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Lev <3, BSN, RN 52,912 Views

Joined: Jun 3, '11; Posts: 2,895 (53% Liked) ; Likes: 5,349

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  • Apr 3

    My friend said "Hey ER nurse!", then proceeded to show me a darkened spot on the tip of one of her toes. It's been going on for years actually.

    I dutifully examined the toe, then proclaimed "That's not an emergency.". Case closed.

  • Apr 3

    This is why I stopped discussing any personal topics with patients and families.
    My birthplace, my accent, where is my family, who is my husband, how many kids - I am sorry, sir/ma'am, I DO NOT WANT to speak about it. Change the subject. No excuses like "but I am just curious". Repeat as needed. If they want another nurse after that, better for me.

    And I just wouldn't work in a place which puts someone' nosiness and something worse above it's own employees' safety and comfort.

  • Apr 3

    To be frank, I deal with patient's only for a short amount of time (ER nurse). If someone is verbally abusive/screaming/yelling/acting inappropriate we will place them in a room, on the monitor, and shut the door partially. We deliver care and follow through on the MD orders, but if the patient refuses then we stop and again shut the door partially and continue to monitor the patient. If they are unable to control their actions due to medical diagnosis we will medicate them with haldol, geodon, ativan, or benadryl. We will place spit masks on the patient's that are biting/spitting, place pt's in restraints if they are physically aggressive. During all of this we do not engage/speak/attempt to placate the patient if it only furthers the behavior.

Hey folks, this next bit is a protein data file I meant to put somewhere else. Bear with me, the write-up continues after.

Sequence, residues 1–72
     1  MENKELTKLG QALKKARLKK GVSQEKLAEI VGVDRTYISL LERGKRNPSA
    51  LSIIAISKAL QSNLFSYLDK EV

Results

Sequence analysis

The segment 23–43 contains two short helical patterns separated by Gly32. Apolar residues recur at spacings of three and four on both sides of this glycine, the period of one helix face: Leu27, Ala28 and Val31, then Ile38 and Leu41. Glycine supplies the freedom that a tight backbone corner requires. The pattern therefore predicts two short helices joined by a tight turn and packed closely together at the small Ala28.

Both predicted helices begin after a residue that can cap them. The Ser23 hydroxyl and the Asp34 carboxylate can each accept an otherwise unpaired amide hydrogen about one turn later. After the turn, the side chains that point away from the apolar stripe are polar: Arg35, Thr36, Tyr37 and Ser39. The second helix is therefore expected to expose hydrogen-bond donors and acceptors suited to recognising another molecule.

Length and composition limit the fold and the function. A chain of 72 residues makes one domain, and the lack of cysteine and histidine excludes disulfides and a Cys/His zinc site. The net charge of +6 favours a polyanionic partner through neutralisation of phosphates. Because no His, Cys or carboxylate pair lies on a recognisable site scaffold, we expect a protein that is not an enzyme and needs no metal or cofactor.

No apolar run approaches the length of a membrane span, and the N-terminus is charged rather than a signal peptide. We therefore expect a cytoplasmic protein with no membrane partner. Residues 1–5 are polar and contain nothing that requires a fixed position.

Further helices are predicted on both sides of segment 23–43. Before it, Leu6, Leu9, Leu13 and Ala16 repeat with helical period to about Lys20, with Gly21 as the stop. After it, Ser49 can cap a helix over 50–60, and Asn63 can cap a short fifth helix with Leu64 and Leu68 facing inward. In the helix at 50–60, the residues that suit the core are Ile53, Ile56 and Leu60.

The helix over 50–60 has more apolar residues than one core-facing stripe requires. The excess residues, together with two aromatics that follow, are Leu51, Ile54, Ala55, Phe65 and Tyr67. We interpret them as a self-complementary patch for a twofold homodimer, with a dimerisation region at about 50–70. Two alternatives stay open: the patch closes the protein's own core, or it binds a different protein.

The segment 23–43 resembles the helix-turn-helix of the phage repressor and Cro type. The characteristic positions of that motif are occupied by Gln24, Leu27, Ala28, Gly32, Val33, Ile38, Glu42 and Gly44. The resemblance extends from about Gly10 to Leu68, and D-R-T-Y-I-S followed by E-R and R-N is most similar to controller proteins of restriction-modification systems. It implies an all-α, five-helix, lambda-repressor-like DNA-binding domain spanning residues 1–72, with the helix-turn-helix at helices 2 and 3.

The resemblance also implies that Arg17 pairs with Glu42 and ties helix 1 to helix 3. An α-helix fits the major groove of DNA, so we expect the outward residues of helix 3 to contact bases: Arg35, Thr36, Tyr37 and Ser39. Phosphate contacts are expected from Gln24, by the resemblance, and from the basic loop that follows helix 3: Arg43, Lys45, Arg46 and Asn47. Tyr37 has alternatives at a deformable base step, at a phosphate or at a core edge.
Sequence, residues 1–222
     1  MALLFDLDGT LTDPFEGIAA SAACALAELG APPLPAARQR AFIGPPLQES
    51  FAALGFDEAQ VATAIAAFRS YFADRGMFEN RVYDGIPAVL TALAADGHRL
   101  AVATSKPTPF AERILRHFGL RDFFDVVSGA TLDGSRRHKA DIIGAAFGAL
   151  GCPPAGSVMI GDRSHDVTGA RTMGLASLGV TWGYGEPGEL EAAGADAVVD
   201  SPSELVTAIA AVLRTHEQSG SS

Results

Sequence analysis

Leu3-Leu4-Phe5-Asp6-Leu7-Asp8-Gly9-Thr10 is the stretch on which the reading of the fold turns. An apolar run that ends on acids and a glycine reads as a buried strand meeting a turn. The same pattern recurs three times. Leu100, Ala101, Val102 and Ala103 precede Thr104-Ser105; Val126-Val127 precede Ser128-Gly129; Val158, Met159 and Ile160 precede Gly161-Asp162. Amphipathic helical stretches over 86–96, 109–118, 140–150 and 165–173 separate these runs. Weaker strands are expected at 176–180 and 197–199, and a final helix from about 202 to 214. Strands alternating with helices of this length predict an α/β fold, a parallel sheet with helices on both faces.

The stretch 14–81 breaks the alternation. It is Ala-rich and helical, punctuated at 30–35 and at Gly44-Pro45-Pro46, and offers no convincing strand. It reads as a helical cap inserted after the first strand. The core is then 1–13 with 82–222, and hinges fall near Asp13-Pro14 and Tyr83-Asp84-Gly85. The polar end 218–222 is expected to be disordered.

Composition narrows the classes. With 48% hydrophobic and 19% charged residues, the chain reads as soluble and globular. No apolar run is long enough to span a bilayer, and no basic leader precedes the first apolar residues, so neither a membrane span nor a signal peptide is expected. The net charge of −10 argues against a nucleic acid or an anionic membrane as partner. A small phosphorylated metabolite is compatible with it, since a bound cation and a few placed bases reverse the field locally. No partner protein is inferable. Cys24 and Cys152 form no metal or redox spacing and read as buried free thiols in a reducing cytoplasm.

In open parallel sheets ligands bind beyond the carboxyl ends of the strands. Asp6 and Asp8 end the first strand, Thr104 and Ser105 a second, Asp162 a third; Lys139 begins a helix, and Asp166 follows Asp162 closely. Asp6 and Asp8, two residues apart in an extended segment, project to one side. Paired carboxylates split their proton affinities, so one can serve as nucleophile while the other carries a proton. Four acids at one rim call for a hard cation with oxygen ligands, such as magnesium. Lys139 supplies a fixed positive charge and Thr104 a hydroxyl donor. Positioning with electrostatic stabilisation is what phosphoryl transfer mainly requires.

If the patient is alert and oriented, I will tell them to stop. I do not make demands, I will simply say: "That is unacceptable, you need to stop. There are children/other patient's nearby who are sick and this is not fair to them." I will then deliver the ordered care without verbally engaging with the patient. If the patient continues to be verbally inappropriate, I have had the MDs discharge them from the ER and have security escort them out. Legally we have an obligation to ensure they aren't dying/treat obvious life and limb situations but we do not have to put up with harassment.